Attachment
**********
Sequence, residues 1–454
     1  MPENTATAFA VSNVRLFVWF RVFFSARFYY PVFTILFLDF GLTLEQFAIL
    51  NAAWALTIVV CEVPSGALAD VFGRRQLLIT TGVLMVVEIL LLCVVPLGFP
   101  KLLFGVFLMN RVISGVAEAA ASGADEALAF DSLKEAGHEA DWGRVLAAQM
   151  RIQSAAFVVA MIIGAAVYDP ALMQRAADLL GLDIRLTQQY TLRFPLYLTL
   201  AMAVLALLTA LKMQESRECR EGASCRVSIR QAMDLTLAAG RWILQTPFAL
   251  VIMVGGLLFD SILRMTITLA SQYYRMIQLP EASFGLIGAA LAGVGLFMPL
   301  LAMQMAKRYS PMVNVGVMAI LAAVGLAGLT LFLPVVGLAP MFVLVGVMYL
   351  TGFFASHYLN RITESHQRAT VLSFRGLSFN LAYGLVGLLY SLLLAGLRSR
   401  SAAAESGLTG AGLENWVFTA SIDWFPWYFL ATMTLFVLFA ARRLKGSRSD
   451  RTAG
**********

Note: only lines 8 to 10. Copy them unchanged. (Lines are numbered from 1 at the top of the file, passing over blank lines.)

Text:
   301  LAMQMAKRYS PMVNVGVMAI LAAVGLAGLT LFLPVVGLAP MFVLVGVMYL
   351  TGFFASHYLN RITESHQRAT VLSFRGLSFN LAYGLVGLLY SLLLAGLRSR
   401  SAAAESGLTG AGLENWVFTA SIDWFPWYFL ATMTLFVLFA ARRLKGSRSD